Submission + - Gmail who? Amazon launches new Cloud email service->

hostedftp writes: Google and Microsoft have been going toe to toe for the Cloud market that it might have left an opening for Amazon to enter the email service market with the launch of their new Cloud Simple Email Service. A enterprise that has been dominated by Google and Microsoft, Amazon is offering the new email service to their ever expanding Cloud portfolio.
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The Almighty Buck

Submission + - Michael Dell Sees Upside of Austerity - Digits - W->

Suki I writes: Many participants in Davos are fretting about anemic Western economies and the potential for inflation elsewhere in the world. Michael Dell isn’t one of them.

The Dell Inc. CEO told The Wall Street Journal that the era of austerity could actually be good for his company in some ways. Mr. Dell reckons it will prod governments, corporations and other institutions to look for ways to boost productivity, and technology is the obvious answer.

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User Journal

Journal Journal: c: an obstacle of our own creation? 2 2

I must admit that it was difficult to wrap my layman head around the idea of 'time travel'. My reading (and watching, thanks to an online friend of mine who will know who he is should he read this) involved many presentations involving metre sticks, clocks, pythagorean triangulation and space travel - or in other words, 'time dilation'. I get the concept, but there's something about the theory's point of view, if not its motivation, that bothers me.


Submission + - A Bear That Tweets Out Loud - Digits - WSJ->

Suki I writes: Too busy to log into your Twitter account? Fear no more. A four-inch tall bear has emerged in Japan that can read out every tweet that comes into your account.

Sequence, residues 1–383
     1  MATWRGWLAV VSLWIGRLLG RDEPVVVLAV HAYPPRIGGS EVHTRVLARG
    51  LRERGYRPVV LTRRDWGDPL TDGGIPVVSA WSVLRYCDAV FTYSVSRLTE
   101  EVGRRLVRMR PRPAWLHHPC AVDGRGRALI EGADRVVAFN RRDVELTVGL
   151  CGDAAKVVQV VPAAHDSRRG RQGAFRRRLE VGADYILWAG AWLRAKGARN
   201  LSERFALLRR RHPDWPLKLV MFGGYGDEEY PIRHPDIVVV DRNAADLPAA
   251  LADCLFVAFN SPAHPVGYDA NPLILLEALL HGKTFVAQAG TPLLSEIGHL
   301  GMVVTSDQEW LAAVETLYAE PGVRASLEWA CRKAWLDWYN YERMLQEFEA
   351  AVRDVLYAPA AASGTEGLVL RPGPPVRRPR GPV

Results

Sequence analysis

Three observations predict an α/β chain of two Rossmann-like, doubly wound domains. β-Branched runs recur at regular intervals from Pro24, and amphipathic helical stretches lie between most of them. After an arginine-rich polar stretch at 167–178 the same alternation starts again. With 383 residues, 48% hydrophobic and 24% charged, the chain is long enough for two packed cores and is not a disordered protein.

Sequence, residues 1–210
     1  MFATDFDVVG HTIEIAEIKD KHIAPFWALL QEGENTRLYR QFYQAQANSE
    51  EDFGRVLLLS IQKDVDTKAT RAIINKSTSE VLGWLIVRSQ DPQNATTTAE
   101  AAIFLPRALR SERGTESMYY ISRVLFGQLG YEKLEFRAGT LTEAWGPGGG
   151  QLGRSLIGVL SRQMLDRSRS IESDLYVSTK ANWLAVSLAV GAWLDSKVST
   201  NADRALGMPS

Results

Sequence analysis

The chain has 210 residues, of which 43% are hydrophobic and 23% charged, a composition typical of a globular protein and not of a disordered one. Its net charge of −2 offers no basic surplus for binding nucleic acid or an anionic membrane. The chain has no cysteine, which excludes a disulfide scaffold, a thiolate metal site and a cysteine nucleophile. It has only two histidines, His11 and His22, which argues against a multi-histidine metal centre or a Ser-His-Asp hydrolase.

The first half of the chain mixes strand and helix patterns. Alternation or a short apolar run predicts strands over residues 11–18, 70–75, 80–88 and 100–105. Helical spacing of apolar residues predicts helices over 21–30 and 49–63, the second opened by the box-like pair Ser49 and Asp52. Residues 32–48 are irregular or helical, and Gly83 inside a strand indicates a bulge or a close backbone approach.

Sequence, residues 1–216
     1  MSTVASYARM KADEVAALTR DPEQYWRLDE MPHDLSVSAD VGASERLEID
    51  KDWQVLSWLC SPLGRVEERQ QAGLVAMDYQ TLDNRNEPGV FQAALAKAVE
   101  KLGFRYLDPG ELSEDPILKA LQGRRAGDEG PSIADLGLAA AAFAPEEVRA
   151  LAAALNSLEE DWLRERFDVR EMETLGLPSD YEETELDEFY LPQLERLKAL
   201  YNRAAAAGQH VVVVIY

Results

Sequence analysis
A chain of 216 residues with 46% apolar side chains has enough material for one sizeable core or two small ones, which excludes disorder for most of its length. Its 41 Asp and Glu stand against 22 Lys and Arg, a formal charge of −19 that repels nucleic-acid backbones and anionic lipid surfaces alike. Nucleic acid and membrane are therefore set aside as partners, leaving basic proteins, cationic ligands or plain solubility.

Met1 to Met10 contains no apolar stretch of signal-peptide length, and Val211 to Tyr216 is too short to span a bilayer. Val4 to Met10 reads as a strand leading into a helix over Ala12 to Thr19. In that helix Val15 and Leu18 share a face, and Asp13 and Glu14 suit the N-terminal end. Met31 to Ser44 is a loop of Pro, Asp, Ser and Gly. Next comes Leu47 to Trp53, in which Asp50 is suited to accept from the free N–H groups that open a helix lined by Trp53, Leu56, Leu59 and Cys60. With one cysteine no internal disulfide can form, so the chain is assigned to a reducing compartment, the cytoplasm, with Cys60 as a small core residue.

The “Charatter,” as it’s known, is Japan’s first tweet-reading character toy. It received an unusually large number of pre-orders online, and has been enjoying brisk sales since its Nov. 30 launch, says a spokeswoman at WiZ, the manufacturer, though the company doesn’t disclose sales numbers.

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Submission + - Pocket Femtocell Could Cut Roaming Bills ->

judgecorp writes: What do you call a pocket-sized femtocell? An attocell, according to Ubiquisys, which just launched one aimed at international travellers. Femtocells create a bubble of 3G signal and connect voice and data over the Internet to the mobile network. They're predicted to take various roles but this one is interesting, because 3G spectrum is licensed — and this idea relies on using such low energy the device does not need type approval.
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Comment Windows Live Family Safety (Score 1) 742 742

My kids have Windows Live Family Safety installed on the PC that they have access to; I can remotely deny or allow access to websites and check their browsing behaviour no matter if they're using IE, FireFox or Chrome. I can even use it to restrict how much time they're spending playing games - although their machine is in the front room where both my wife and I can see what they're up to - and all Messenger friend requests have to be vetted by me.

It's not that I don't trust my kids - I do - but I don't trust the wider internet, and they're simply too young to be given unfettered access.

"Well hello there Charlie Brown, you blockhead." -- Lucy Van Pelt